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3.2 HTML and CSS

In this lesson, we'll build the basic style and structure for our web page using some simple HTML and CSS markup. As we move forward, we will take this markup and make it more dynamic.

3.2 HTML and CSS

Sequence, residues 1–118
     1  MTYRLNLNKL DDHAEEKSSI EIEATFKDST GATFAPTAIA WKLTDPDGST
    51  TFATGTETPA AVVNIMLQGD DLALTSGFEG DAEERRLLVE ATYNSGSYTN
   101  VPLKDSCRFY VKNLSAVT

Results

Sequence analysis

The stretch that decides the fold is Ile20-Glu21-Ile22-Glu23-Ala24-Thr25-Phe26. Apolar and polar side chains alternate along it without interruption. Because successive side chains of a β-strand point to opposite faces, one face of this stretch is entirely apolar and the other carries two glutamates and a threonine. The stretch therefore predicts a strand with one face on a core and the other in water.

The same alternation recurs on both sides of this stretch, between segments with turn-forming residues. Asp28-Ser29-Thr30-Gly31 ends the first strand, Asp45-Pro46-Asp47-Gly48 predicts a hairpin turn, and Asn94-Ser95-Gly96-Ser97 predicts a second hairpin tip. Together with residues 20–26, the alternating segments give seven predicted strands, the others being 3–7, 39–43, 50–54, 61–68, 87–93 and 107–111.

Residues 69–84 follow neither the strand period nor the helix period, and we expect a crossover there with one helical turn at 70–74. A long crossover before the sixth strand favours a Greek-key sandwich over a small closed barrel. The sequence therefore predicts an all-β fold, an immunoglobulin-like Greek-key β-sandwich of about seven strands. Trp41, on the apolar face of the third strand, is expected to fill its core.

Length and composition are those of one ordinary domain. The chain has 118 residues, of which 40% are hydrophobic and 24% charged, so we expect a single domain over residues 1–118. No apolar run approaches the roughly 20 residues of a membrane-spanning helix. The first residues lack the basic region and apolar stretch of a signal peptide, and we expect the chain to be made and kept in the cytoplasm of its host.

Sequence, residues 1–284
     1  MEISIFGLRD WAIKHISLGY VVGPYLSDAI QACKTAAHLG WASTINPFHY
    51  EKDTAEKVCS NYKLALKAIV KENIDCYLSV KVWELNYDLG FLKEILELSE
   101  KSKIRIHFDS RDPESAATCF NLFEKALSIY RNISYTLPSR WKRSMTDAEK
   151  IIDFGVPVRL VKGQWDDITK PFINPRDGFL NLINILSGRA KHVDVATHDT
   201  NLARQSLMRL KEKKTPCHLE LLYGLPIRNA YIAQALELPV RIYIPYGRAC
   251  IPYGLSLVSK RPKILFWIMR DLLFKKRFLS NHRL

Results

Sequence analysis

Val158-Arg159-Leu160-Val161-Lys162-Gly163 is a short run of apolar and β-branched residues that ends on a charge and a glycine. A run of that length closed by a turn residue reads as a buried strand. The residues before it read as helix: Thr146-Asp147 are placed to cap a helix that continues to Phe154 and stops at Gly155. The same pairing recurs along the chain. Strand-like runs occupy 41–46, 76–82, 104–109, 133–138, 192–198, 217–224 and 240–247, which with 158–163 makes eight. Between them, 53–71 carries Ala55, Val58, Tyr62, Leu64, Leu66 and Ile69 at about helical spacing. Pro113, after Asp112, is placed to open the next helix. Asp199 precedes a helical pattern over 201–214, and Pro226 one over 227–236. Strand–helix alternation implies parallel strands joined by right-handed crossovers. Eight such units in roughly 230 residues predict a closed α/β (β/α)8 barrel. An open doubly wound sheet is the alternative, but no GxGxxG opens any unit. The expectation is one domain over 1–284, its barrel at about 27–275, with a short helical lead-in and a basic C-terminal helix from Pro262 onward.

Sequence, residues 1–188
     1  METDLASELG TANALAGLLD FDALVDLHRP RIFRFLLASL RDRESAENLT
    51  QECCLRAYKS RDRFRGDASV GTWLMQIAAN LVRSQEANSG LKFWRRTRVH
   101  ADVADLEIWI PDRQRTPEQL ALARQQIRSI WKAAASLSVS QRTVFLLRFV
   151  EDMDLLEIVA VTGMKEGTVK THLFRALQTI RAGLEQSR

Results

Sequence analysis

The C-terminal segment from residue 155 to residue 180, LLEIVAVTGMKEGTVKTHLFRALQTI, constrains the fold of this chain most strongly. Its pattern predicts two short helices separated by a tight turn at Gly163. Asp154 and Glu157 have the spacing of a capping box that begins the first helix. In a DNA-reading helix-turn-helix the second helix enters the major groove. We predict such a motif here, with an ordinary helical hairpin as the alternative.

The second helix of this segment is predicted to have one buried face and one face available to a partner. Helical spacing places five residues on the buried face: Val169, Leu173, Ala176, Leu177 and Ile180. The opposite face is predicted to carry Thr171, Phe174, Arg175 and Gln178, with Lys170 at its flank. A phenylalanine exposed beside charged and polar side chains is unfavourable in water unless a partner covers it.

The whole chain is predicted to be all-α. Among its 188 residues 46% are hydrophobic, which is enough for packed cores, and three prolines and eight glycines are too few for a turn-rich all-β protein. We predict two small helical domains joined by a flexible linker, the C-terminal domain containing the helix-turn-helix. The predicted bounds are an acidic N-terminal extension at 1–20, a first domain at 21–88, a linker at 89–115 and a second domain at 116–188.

Hello and welcome back, in this lesson, I want to jump into our HTML and CSS a little bit. But before we do that, let me show you the folder structure we're gonna be working with for the rest of this course. So we've got our social-lite folder that we've been working with. Inside this folder is our actual web app, and this the one that we're running Meteor inside of. But as we move forward, I'm gonna take our editable files from our client folder, and our server folder, and then later on from our imports folder. And I'm gonna save those in a separate folder for you, in this case called site001. So obviously, this number is going to increase as we move forward. And the reason I'm doing this is just to save different versions of the HTML, CSS, and JavaScript files that we're going to be editing, so that you can see our progress as we move forward. So if at any point, something doesn't make sense, or if at any point, your code isn't working like you expect it to? You can open up the corresponding folder, you can see the clients, server, and imports folder there. And you can take a look at the files there, compare them to your own, and see where you might have gone wrong. So these site folders are not intended to be run in Meteor. If you try to run this folder in Meteor, it's not gonna work, because these site folders don't contain all the support files. It just contains the editable HTML, CSS, and JavaScript files that we're gonna be working with. So all of our files that we were working on in the last lesson, where we ended up with this hideous red background. All of those files are saved in the site001 folder. All the changes we make in this lesson are gonna be saved in the site002 folder. So I just wanted you to keep that in mind, as we move forward. And I'll try to keep pointing out which folder we're in, as we move forward, so that you don't get confused. But again, throughout the course, we're gonna be working mainly out of this social-lite folder. And so that's going to contain our final finished app in it, once we get to the end of the course. But along the way, you're gonna have all of the steps saved in these site folders. So in my command prompt, I've got our app running. Again, the way you run the app is, you navigate into your social-lite folder, or whatever folder you have your app stored in, and you simply type in the command, Meteor. And that will run your local server, and you can run that on localhost:3000 in your browser, to see your site. So let's jump into our code editor of choice, and let's start making some changes. So I've got our main.html file opened up here, and I wanna get rid of all of this content that's in there by default. So we don't need either of these templates here, at the end of our document. And inside of our body, all I'm really gonna keep is the body tag itself. We'll just delete everything inside that, and we'll get started. Now, eventually, we're actually gonna be pulling everything we put here in the body out, and we're gonna put it somewhere else. But for now, we're going to use this as a starting point. And my goal here is to build out the HTML as we want to see it when the project is finished. So we're not going to be pulling in any dynamic data, or anything like that, we're gonna hard-code everything initially. And later on, we'll bring in the data that we need, and we'll make this a little bit more dynamic. But for now, like I said, I just wanna build out the HTML and the CSS, and get it looking like we want it. And then we'll move forward with the exciting stuff using Meteor. So I'm gonna start off with an h2 tag, and I'm just gonna say, Latest User Posts. So this app that we're building is gonna be a little similar to what you might see on Twitter. It's just gonna have some short posts that different users can create, and edit, and delete. And so we have Latest User Posts, and then I'm gonna create a container that has all of our posts in it. In fact, before we do that, let's go ahead and create an overall container that's gonna contain everything. So let's move that h2 inside that container. And all I'm gonna do with this container is kind of the same thing that Bootstrap would do with the container class. I'm going to center it and give it a limited width, so all of our content will be nested inside of that. So then inside that container, but after our h2, I'm gonna create another div, and I'm going to give it a class of userposts-container. So this will contain a list of user posts, and these posts are gonna be contained in small panels. So let's create some more divs here, with a class of panel- userpost. And then inside that panel, I'm gonna create another div with a class of userpost-info. And then finally inside that particular div, we're gonna have some data here. So I'm gonna put a strong tag here with whatever the username is, in this case, I'll just put Craig. And then after the closing strong tag, I'll put a space. And then we'll create a small tag here, with a class of text-muted, and we're gonna put the current date there. And then on the next line here, I'm just gonna paste a paragraph here with a little bit of lorem ipsum text, not very much, and that will be it for our panel. So again, we have this userposts-container, which is gonna have multiple panels inside it. And then inside those panels, we're gonna have a div with a class of userpost-info. So I'm gonna grab this panel, here not the userposts-container, but the panel itself, all the way down to the closing div tag for that panel. And I'm gonna copy it, and I'm gonna paste it a few times, So that we can see what that looks like, and it looks like we need to fix the indentation there a little bit. There we go, and that should be a good starting point. Now, if we were to save that right now, and jump over to our browser, when it refreshes, we'll see what that looks like. And there we go, so we have four separate user posts, obviously, these will eventually have different content in them. And all of this data that's pulled in will be dynamic, but that's a good starting point. The next thing we wanna do is to jump into the CSS, and clean that up a little bit. First of all, I'm gonna pull in an import statement for a Google font called Open Sans. And we're gonna be using that font in this document. Also, another thing I wanna do is I wanna, I'm just basically doing a very lightweight CSS reset here, I'm setting box-sizing, To border-box, so in the body, I'm gonna go ahead and copy and paste some CSS here as well, get rid of that red background color. And we're setting our font-family to Open Sans, and then our background-color to this kind of a coral red color. And you'll notice that I've got three different weights for this Open Sans font. And so for all h1 and h2 elements, I'm gonna set our font-weight here to the heaviest one of those, which is 800. And we'll set the color here to white, Since it's gonna be against that coral background. And then we'll move on to the container, remember, this is kind of the overall container that sets the width. So we'll set our width here to 600 pixels, and also set our margin to 0 auto, and that will center our container for us. And then let's set up the CSS for our panels, remember, we have four of these panels. And they have a class of panel-userpost, so I'll copy that, and then we'll type .panel-userpost. And I'll go ahead and pull in some CSS here. So we're setting our background-color to a light gray, setting a little bit of bottom margin and some padding. Setting the text color to a dark gray, border radius-to 3px, so it will kind of curve the borders a little bit. And we're also setting the display to flex, and adjusting some of the content a little bit in there. Now, some of this CSS, such as this flex content, is gonna be used later on. I wanted to go ahead and paste it in there, so that we have it. Again, we're not gonna focus a lot on the CSS, I just wanted to go ahead and throw some of this CSS in there. And that might be a pretty good place to start, so let's save our CSS file, and jump back over to our browser. And when it refreshes, there we go, we have a little bit of a cleaner-looking page there. So we haven't done anything fancy here, we've just thrown in some HTML and CSS. And we've kind of watched Meteor do its thing, as the browser automatically refreshes for us. And we've entered, again, all of this into our main.html and main.css files, which are our kind of default entry points for our app. So our app is always gonna be looking at main.html, in our client folder, as kind of its starting point, and that's also where main.css is. So again, now that we've done that, we can jump into Meteor and start templating some of this out a little bit, in order to make it a little bit more dynamic. So we'll get started with that in the next lesson, thank you for watching.